New Zealand passes law to prevent future generations from buying tobacco
New Zealand has passed a law that prevents future generations from buying tobacco. The particular ban on purchasing tobacco is just one law that is part of the country’s new cluster of regulations that focus on curbing smoking. The law passed in Parliament yesterday and is now considered one of the strictest measures taken against buying tobacco in the world.
According to the Straits Times, other laws in the cluster include bans on selling tobacco to anyone born on or after January 1, 2009. If that law is broken, it will be punishable by a fine of up to NZ $150,000. The ban on selling tobacco to those persons born on or after the date specified will be lifelong. The new legislation will also reduce the amount of nicotine allowed in tobacco products that can be smoked.
It will also curb the number of retailers that are allowed to sell tobacco by 90%. That means the number of retailers allowed to sell tobacco will be cut to just 600 by the end of 2023. Currently, there are 6,000 retailers licensed to sell tobacco. Ayesha Verrall, Associate Health Minister of New Zealand, commented on the new laws.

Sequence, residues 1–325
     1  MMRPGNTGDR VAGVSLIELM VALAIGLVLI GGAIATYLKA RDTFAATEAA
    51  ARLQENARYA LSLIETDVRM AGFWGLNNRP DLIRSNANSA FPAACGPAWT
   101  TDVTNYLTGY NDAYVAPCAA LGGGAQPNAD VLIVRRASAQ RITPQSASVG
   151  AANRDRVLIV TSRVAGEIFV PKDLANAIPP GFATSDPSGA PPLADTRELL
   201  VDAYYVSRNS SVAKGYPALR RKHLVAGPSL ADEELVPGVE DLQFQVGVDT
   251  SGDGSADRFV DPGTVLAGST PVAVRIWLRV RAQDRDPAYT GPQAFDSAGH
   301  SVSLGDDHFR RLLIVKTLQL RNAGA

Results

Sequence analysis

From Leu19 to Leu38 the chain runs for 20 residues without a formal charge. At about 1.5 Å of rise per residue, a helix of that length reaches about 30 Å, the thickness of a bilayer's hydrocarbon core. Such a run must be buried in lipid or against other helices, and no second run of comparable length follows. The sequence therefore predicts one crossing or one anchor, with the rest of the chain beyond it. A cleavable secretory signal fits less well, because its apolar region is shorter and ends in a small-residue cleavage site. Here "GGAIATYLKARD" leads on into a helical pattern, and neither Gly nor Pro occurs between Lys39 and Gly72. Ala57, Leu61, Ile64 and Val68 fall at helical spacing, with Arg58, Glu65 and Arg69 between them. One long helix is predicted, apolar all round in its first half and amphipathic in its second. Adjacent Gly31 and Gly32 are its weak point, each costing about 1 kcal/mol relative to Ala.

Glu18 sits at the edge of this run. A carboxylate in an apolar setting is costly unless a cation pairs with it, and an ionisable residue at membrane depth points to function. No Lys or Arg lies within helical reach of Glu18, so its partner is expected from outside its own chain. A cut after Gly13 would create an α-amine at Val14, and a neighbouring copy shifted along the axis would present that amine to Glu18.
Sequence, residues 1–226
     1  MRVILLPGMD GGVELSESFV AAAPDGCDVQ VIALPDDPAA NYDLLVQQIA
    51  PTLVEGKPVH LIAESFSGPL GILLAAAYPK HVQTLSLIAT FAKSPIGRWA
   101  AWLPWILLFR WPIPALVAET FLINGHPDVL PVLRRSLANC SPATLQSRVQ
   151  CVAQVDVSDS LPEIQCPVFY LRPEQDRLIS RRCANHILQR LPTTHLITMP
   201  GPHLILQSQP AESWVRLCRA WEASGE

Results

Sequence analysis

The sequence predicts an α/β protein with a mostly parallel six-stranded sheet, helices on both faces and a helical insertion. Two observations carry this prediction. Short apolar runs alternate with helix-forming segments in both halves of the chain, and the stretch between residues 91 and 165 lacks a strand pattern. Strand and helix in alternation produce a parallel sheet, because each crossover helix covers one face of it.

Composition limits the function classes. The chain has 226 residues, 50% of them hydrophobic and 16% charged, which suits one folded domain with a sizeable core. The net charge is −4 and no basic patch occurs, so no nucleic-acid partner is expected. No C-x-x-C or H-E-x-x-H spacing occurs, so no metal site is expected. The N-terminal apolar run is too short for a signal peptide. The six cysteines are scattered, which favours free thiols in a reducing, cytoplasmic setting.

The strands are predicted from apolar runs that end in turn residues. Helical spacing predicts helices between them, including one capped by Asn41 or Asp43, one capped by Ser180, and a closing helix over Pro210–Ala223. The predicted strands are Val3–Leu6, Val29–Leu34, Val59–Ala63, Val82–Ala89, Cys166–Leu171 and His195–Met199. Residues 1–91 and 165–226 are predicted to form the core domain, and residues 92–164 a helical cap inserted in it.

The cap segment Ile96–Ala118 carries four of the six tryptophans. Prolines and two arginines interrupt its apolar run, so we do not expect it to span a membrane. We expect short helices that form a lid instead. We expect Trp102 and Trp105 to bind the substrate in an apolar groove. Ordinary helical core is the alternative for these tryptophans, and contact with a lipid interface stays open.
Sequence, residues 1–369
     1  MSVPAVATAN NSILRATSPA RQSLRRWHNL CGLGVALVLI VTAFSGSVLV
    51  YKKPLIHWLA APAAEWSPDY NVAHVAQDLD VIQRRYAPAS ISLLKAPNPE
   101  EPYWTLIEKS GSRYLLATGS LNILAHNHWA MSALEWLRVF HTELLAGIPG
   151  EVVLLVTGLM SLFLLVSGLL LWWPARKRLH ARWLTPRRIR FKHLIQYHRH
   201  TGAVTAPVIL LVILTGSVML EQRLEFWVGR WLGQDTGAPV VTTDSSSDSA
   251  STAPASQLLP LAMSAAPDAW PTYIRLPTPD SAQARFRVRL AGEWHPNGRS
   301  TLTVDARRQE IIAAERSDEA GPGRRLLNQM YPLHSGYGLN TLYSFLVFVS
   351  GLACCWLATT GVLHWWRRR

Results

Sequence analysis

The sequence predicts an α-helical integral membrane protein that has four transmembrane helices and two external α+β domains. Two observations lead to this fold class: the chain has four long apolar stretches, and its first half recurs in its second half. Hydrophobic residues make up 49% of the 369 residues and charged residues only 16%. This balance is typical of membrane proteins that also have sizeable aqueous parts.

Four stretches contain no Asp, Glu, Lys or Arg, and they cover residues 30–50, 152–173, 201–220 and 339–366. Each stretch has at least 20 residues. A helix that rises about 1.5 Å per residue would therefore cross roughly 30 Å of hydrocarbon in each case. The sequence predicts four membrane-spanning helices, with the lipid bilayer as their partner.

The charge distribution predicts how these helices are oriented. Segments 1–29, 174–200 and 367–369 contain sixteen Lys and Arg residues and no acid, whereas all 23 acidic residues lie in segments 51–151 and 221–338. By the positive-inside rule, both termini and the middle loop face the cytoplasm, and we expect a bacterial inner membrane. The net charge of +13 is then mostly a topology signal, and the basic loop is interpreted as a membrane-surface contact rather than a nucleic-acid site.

“This legislation accelerates progress towards a smoke-free future. Thousands of people will live longer, healthier lives, and the health system will be NZ$5 billion better off from not needing to treat the illnesses caused by smoking, such as numerous types of cancer, heart attacks, strokes, amputations.”
As New Zealand already features one of the lowest rates of adult smokers among the 38 countries in the Organisation for Economic Cooperation and Development, it plans to be smoke-free by 2025. Verrall says the new laws would help close the life expectancy gap between Maori and non-Maori citizens, which can range as high as 25% for the country’s women.
Already boasting one of the lowest adult smoking rates among the 38 countries in the Organisation for Economic Cooperation and Development (OECD), New Zealand is further tightening anti-smoking laws as part of a government push to make the country “smoke-free” by 2025. Bhutan is now the only country that will have stricter laws against tobacco as it banned cigarette sales back in 2010.
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